External cephalic version 2016-11-10T20:28:18+02:00

THE JOURNEY OF DISCOVERY

External cephalic version

External cephalic version for breech babies

By the end of pregnancy, most babies are in the head-down position in the pelvis. However, 3 to 4% of babies are in the breech position. This means the baby’s head is at the top of the uterus, below the rib cage. The baby’s buttocks and/or feet are then at the bottom of the uterus, inside the pelvis at the pubic bone. An external cephalic version is intended to turn the baby.

Risks associated with breech births

Breech births have a higher risk of complications. Babies are often born in below average condition and frequently need to be admitted to the hospital’s neonatal ward. A breech birth is also more likely to require a caesarean section. This invasive surgery poses risks for both mother and child. An external cephalic version increases the chances of spontaneous cephalic repositioning so that the baby is head-down during childbirth and you do not have a breech birth or require a caesarean section.

External cephalic version

During the procedure, an attempt is made to externally and manually turn the baby from breech position to the head-down position. Prior to this, the midwife will provide a comprehensive explanation of the risks of the procedure, the risks if the baby cannot be turned, and the risks posed by a breech birth. We also provide you with written information to enable you to make a considered choice.

Checks ahead of external cephalic version

If you opt for this procedure, the exact position of the baby will be established by means of an ultrasound scan. We also examine the type of breech position; for example, with or without legs drawn in. In addition, we monitor the volume of amniotic fluid, the position of the placenta and any other details. We monitor and record the baby’s heartbeat via ultrasound scan or Doppler.

External cephalic version practitioner

The external cephalic version practitioner performs the procedure by placing both hands on the mother’s abdomen and around the baby and then, using light pressure, pushing the baby’s head and bottom in the desired direction. Another ultrasound is performed to check the position of the baby, as well as its heartbeat. If your blood group is Rhesus-negative, anti-D is administered.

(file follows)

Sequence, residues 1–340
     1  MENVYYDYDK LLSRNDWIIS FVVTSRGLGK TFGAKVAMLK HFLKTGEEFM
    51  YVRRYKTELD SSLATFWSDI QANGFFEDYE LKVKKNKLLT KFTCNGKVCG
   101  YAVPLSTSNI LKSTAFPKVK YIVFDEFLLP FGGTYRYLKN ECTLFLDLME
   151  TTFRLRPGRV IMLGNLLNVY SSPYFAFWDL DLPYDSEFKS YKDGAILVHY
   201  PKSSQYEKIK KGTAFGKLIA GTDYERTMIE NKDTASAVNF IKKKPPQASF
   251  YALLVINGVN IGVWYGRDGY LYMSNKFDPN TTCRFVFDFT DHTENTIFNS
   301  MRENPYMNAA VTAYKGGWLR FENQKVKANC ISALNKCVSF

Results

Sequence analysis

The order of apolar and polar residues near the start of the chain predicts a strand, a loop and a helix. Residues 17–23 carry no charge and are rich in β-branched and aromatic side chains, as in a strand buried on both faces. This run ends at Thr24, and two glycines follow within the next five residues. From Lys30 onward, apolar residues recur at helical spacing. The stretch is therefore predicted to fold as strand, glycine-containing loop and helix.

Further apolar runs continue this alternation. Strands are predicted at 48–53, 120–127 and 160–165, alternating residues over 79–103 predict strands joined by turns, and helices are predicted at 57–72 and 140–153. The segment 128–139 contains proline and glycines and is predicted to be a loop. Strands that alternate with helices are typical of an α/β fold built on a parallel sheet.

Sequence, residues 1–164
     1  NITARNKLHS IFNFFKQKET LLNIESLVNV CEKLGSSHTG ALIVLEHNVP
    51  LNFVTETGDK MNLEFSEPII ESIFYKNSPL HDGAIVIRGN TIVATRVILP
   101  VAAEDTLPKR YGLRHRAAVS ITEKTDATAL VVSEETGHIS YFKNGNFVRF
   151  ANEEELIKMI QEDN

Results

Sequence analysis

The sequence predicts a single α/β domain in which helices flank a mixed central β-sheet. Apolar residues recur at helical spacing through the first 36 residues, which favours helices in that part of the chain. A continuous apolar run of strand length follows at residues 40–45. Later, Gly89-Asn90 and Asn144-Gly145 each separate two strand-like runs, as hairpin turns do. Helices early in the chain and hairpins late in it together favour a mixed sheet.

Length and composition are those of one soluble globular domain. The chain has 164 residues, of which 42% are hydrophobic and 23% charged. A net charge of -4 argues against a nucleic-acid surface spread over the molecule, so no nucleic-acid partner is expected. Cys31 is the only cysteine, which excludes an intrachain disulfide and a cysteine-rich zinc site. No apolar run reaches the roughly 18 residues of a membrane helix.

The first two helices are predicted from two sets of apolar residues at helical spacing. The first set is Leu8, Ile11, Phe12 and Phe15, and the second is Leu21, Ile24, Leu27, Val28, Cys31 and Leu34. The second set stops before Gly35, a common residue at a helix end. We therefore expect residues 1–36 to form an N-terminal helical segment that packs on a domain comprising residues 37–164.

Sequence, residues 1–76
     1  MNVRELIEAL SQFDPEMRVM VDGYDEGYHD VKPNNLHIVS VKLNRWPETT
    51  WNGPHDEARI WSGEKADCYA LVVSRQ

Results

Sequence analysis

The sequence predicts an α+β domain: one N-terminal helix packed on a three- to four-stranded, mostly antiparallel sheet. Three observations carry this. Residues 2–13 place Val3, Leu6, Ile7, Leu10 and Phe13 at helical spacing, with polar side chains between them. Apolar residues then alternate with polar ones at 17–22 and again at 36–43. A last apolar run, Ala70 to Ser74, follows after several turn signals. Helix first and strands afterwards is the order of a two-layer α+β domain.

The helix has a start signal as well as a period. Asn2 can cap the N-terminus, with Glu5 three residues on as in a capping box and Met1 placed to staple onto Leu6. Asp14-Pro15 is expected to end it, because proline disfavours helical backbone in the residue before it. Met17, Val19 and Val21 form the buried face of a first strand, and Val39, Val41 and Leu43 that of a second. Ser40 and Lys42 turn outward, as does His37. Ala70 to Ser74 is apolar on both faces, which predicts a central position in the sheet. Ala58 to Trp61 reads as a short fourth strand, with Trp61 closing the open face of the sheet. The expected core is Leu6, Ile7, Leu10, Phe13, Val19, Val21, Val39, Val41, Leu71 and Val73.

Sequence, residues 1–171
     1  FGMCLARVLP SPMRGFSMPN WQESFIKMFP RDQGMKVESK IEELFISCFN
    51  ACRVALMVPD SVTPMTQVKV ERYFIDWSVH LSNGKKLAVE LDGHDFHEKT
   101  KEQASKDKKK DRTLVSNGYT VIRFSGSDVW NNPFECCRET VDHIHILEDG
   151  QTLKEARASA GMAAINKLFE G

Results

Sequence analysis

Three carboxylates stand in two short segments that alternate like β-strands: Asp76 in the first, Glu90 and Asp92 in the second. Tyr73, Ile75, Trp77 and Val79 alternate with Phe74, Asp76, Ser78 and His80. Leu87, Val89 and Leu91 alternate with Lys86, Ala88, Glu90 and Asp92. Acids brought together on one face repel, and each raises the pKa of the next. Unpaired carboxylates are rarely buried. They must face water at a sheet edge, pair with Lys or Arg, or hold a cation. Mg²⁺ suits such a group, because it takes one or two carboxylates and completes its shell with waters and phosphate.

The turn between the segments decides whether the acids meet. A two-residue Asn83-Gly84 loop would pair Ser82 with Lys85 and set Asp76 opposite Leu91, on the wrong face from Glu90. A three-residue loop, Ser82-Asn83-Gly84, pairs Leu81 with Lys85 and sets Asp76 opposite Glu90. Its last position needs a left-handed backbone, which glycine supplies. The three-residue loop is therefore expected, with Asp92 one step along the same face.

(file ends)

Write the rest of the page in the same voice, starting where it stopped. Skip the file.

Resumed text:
Complications following external cephalic version

Complications after the procedure are rare. Sometimes, the baby has a somewhat slower heartbeat directly after the procedure, but normal rhythm usually resumes within 10 minutes. Your belly may feel somewhat sensitive and bruised the next day, but that is just temporary. However, if you experience loss of blood or amniotic fluid, you must contact us immediately. If the procedure fails, the baby will remain in breech position and we will then refer you to a gynaecologist.

Verloskundigen Amsterdam Zuid’s success rate with external cephalic version

External cephalic version is a safe method of reducing the likelihood of a breech birth. At the Verloskundigen Amsterdam Zuid practice, our success rate for this procedure in the past year was very high at 75%. The procedure is carried out using an ultrasound scan before and afterwards to monitor the baby’s position.

Making an appointment for external cephalic version

The cost of external cephalic version is fully insured and we can claim it directly from your health insurance provider. Please contact our assistants if you would like to make an appointment for an external cephalic version. The external cephalic version practitioner will first assess you, discuss the procedure with you and then provide you with written information. You can also find more information about the procedure on this site and in the External cephalic version and breech position brochure.